A Medicare Special Needs Plan (SNP) is a type of Medicare Advantage plan (MAPD) with healthcare benefits,
provider choices, and drug formularies (list of covered drugs)
designed for people
who meet certain health or personal requirements such as people suffering from a chronic
condition or have limited income and assets or people living in a long-term care (LTC) facility.
And no, not everyone can join a SNP . . .
Usually anyone who has Medicare Part A and Medicare Part B coverage can join a Medicare Advantage plan (MA or MAPD
) if the person lives within the
plan's service area (Zip Code area), and does not suffer
from kidney-failure or End-Stage Renal Disease (ESRD). However, you cannot join a Medicare
Advantage SNP unless you also qualify for the plan’s “Special Need” (for instance, you suffer from the specified chronic illness, like ESRD or financial need).
More about SNPs . . .
SNPs are divided into three major types of special needs:
Illness (C-SNPs) -- like End-Stage Renal Disease, HIV/AIDS, chronic heart failure, dementia, or diabetes,
- Dual Eligible (D-SNPs) -- for Medicare and
Medicaid beneficiaries, and
- Institutional (I-SNPs) -- for Nursing and Long
Term Care (LTC) residents.
A Medicare Special Needs Plan,
according to the Centers for Medicare and Medicaid (CMS) is defined as:
A special type of Medicare Advantage Plan that provides all Medicare Part A and Part B health care and services to people who can benefit the most from things like special care for chronic illnesses, care management of multiple diseases, and focused care management.
These Medicare Advantage plans [SNPs] may limit plan membership to:
- people in certain institutions (like a nursing home [or LTC facility]),
- people who are eligible for both Medicare and Medicaid, or
- people with certain chronic or disabling conditions (such as diabetes).
Do SNPs offer Medicare Part D drug coverage?
Yes. All Medicare Advantage SNPs must provide their plan
Members with prescription drug coverage (MAPD). The prescription drug
coverage is often designed to meet the SNP's particular needs - such as
providing for certain medications on the SNP's formulary - or the SNP
may provide an additional formulary tier that includes specific
medications for the SNP members, this tier is often titled: "select care
If I join an Special Needs Plan (SNP) can I get my health care from any doctor, other health care provider, or hospital?
Since a SNP is a Medicare Advantage plan, you generally must
get your healthcare and related services from doctors, other health
care providers, or hospitals in the plan's network (except for emergency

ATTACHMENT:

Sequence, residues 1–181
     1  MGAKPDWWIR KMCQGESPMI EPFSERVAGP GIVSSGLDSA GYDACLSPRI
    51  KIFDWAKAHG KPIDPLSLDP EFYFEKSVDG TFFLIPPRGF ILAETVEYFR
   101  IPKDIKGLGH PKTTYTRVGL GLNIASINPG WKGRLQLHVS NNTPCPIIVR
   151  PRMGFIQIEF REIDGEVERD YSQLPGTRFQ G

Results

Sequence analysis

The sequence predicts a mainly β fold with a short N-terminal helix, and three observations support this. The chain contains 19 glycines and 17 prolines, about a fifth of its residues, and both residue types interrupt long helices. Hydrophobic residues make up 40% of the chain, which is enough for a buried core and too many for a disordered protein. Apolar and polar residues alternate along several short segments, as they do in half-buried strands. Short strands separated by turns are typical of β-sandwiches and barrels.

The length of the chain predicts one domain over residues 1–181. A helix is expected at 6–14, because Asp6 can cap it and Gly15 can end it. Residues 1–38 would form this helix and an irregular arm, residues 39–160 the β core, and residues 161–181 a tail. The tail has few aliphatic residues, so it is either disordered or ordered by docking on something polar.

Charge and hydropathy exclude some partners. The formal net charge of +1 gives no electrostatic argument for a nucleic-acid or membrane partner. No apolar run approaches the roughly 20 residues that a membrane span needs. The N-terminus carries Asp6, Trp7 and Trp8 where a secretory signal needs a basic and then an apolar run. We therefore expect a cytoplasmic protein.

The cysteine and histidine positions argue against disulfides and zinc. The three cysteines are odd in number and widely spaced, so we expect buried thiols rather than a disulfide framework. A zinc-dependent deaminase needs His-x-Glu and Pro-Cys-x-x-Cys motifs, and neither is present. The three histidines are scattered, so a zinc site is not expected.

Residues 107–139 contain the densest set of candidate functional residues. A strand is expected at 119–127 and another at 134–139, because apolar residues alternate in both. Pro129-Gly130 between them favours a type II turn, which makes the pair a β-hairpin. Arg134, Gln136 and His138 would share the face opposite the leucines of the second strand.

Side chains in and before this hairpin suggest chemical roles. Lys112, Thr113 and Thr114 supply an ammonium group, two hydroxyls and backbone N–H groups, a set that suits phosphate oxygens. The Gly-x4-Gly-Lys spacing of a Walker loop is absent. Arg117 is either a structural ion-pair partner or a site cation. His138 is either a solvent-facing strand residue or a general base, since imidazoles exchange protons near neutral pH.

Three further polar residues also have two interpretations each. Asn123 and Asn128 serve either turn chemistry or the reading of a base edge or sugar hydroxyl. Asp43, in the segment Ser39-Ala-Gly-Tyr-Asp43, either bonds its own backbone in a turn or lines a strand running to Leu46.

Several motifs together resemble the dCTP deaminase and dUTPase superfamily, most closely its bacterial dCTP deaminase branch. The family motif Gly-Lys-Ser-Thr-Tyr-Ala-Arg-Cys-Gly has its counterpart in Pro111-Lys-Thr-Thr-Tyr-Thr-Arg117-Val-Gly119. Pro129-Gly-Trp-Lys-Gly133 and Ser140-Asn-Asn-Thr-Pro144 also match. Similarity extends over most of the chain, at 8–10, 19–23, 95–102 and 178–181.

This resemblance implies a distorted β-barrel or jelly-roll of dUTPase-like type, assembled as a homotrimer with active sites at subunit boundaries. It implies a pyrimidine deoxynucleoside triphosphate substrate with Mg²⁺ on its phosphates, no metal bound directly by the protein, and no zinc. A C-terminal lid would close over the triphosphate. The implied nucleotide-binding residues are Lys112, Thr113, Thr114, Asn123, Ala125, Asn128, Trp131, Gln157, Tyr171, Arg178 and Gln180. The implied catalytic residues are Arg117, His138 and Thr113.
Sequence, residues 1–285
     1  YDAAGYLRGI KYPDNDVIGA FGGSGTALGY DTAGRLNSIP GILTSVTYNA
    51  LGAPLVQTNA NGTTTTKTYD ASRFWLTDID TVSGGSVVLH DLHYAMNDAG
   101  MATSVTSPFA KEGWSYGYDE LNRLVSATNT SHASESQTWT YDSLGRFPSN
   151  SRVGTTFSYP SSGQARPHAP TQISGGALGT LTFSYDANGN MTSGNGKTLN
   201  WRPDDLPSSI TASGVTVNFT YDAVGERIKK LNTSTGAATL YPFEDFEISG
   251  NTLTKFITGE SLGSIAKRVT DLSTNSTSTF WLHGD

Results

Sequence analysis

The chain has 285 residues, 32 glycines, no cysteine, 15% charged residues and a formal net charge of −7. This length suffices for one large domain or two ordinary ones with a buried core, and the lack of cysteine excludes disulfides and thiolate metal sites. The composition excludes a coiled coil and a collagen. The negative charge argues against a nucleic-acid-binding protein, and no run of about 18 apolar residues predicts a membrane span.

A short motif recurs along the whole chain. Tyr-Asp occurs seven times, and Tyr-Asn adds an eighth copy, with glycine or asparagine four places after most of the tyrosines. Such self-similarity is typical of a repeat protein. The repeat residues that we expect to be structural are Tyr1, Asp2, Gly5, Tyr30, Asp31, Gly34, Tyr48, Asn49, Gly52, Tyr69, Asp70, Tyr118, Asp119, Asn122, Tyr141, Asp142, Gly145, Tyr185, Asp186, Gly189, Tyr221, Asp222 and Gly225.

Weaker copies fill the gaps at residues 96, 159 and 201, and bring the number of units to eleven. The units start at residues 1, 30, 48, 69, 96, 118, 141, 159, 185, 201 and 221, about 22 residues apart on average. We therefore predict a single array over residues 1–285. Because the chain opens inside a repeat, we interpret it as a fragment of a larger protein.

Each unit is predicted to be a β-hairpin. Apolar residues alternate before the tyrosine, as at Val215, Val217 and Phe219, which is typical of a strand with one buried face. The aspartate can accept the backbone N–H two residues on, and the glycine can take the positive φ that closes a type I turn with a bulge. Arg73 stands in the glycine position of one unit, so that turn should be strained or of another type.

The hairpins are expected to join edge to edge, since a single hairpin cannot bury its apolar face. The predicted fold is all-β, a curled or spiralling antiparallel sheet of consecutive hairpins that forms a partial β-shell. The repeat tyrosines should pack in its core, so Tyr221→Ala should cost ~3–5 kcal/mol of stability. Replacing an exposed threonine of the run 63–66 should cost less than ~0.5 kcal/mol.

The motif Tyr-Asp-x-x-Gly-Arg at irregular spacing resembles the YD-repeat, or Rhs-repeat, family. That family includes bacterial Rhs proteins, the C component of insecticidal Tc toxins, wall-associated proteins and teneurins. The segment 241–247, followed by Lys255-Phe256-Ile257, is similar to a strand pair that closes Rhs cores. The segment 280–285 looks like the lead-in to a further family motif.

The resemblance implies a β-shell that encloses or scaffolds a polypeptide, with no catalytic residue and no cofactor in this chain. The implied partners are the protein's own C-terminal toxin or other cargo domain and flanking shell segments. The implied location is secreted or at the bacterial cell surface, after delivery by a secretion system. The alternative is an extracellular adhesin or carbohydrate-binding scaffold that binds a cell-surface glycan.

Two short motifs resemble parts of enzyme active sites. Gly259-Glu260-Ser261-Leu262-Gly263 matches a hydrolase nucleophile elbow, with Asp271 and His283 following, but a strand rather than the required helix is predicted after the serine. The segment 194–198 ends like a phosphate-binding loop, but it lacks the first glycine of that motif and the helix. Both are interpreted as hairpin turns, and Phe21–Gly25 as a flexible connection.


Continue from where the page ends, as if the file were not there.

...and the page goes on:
care, out-of-area urgent care, or out-of-area dialysis).
Do I need to choose a primary care doctor?
Do I have to get a referral to see a specialist?
In most cases, yes
. However, certain healthcare services, like yearly screening mammograms or healthcare checkup, don't require a referral.
Are SNPs widely available across the country?
What happens when I am in a SNP and no longer meet the plan requirements?
Medicare Advantage SNPs are offered only on a limited county-by-county
basis and, again, Medicare beneficiaries must meet the specific SNP requirements - and are often found in more densely populated areas.
People who qualify to enroll in a SNP can be disenrolled from the SNP if, during the plan year, they no longer meet the plan's requirements. For instance, if a person in a Dual-Eligible SNP (D-SNP) begins to earn more money they might no longer meet the plan's financial requirements, they may be enrolled from the D-SNP - or if a person no longer suffers from a certain chronic condition, they can be disenrolled from the SNP.
The good news: If you are disenrolled from a SNP, you will be provided a Special Enrollment Period allowing you the opportunity to join another Medicare Advantage plan or Medicare Part D plan.
What else do I need to know about this type of plan?
- [As noted above, a SNP] must limit membership to these groups:
1) people who live in certain institutions (like nursing homes) or who require nursing care at home, or
2) people who are eligible for both Medicare and Medicaid, or
3) people who have specific chronic or disabling conditions (like diabetes, End-Stage Renal Disease, HIV/AIDS, chronic heart failure, or dementia).
Plans may further limit membership.
- Plans will coordinate the services and providers you need to help you stay healthy and follow doctors' or other health care providers' orders.
- Go to MA-Finder.com or Medicare.gov/find-a-plan to see if there are SNPs available in your area.
- If you need more, check with the plan. You can find the plan's member services telephone number by clicking on the "benefits & contact info" button on our MA-Finder.com.
Still have more questions? Click here to let us know.